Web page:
Application detail: 5 minutes indicates typical time it takes to complete application with applicant information readily available. It does not include time taken to provide underwriting decision or funding of the loan.
Instant rates mean a delivery of personalized rates for those individuals who provide sufficient information to return a rate. For instant rates a soft credit pull will be conducted, which will not affect your credit score. To proceed with an application, a hard credit pull will be required, which may affect your credit score.
Total savings calculated by aggregating individual average savings across total borrower population from 9/2013 to 12/2017. Individual average savings calculation based on single loans refinanced from 9/2013 to 12/2017 where borrowers’ previous rates were provided. Assumes same loan terms for previous and refinanced loans, and payments made to maturity with no prepayments. Actual savings for individual loans vary based on loan balance, interest rates, and other factors.
3 Important Disclosures for SoFi.
4 Important Disclosures for LendKey.
Refinancing via LendKey.com is only available for applicants with qualified private education loans from an eligible institution. Loans that were used for exam preparation classes, including, but not limited to, loans for LSAT, MCAT, GMAT, and GRE preparation, are not eligible for refinancing with a lender via LendKey.com. If you currently have any of these exam preparation loans, you should not include them in an application to refinance your student loans on this website. Applicants must be either U.S. citizens or Permanent Residents in an eligible state to qualify for a loan. Certain membership requirements (including the opening of a share account and any applicable association fees in connection with membership) may apply in the event that an applicant wishes to accept a loan offer from a credit union lender. Lenders participating on LendKey.com reserve the right to modify or discontinue the products, terms, and benefits offered on this website at any time without notice. LendKey Technologies, Inc. is not affiliated with, nor does it endorse, any educational institution.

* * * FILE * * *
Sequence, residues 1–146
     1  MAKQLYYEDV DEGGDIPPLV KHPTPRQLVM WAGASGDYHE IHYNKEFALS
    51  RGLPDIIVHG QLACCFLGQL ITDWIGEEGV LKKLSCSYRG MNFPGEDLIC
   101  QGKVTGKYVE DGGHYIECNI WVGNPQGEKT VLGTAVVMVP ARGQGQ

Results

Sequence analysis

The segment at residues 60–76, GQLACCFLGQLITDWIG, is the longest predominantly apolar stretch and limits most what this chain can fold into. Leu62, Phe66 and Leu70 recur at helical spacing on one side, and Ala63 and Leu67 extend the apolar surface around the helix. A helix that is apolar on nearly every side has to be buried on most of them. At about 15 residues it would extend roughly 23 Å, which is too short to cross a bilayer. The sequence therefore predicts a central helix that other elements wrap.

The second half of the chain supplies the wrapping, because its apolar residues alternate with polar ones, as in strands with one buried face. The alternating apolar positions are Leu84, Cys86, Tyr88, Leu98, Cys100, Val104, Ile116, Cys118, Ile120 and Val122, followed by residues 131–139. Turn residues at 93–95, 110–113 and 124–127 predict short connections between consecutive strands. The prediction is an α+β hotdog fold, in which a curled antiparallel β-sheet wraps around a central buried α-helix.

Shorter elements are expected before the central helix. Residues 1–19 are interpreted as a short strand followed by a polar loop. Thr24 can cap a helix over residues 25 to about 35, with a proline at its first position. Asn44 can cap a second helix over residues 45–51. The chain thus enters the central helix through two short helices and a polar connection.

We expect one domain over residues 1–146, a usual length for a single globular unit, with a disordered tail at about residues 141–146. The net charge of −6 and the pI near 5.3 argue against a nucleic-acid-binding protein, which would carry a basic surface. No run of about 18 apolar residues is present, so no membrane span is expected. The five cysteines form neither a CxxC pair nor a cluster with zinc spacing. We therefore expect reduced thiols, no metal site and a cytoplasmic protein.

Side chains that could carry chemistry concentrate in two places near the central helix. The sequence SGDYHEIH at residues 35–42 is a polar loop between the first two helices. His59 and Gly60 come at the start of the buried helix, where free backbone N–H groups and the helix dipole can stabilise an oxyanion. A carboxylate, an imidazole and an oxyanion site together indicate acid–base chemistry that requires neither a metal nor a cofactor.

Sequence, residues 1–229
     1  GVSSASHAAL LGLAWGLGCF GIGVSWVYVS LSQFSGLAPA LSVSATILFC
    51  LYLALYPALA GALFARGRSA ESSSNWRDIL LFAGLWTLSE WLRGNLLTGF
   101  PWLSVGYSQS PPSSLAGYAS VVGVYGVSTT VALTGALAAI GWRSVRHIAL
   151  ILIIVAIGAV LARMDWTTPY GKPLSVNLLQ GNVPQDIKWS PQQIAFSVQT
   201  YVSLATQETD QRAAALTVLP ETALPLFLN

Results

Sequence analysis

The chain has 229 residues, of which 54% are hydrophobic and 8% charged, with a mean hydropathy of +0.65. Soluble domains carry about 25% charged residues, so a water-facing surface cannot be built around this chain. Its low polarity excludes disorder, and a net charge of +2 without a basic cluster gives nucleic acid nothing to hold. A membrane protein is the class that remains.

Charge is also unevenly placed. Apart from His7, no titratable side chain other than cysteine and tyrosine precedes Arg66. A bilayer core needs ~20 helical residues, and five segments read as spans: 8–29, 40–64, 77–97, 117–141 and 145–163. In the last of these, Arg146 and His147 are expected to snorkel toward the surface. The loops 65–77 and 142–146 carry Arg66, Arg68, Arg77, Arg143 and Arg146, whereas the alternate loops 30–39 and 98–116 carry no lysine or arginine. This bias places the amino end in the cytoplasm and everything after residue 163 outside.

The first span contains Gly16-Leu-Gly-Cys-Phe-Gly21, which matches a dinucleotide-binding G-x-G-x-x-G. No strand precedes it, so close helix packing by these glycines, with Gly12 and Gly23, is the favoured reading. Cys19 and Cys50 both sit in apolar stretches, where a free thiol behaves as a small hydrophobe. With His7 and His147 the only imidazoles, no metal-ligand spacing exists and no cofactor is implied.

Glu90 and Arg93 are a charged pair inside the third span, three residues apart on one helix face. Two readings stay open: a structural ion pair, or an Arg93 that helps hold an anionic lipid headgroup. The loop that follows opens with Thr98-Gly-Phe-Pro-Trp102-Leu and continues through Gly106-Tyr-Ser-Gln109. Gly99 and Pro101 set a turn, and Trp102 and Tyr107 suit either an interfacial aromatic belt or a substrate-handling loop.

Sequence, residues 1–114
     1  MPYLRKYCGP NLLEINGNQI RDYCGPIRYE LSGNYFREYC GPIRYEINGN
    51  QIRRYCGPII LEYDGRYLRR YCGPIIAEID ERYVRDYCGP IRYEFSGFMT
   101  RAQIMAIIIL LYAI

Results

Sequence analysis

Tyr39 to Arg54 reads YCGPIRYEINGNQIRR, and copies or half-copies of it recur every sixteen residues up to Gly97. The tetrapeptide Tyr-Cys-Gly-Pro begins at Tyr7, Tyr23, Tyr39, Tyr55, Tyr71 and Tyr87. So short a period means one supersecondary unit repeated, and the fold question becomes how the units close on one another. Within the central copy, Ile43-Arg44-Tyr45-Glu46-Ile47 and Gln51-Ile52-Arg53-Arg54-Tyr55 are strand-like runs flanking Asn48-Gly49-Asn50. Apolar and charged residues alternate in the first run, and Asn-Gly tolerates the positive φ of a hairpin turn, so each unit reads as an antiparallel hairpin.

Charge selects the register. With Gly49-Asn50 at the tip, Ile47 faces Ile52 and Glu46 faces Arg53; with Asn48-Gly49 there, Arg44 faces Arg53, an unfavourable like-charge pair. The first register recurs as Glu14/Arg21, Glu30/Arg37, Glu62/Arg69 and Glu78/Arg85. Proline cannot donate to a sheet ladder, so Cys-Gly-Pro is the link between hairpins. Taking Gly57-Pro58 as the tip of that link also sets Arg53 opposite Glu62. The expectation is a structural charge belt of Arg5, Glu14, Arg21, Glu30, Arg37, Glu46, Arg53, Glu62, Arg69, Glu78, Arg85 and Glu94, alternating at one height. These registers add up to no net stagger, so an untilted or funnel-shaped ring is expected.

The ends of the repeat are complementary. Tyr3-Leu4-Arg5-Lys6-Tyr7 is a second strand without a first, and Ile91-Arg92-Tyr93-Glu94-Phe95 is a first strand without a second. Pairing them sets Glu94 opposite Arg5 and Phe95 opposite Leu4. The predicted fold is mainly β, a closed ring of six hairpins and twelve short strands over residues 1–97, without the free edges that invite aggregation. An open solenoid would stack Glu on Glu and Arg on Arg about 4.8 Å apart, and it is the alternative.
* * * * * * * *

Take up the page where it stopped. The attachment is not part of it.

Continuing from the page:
5 Important Disclosures for CommonBond.
6 Important Disclosures for Citizens Bank.
Citizens Bank Disclosures
|2.47% – 6.99%3||Undergrad & Graduate||Visit SoFi|
|2.47% – 6.23%1||Undergrad & Graduate||Visit Earnest|
|2.47% – 8.03%4||Undergrad & Graduate||Visit Lendkey|
|2.95% – 6.37%2||Undergrad & Graduate||Visit Laurel Road|
|2.48% – 6.25%5||Undergrad & Graduate||Visit CommonBond|
|2.72% – 8.32%6||Undergrad & Graduate||Visit Citizens|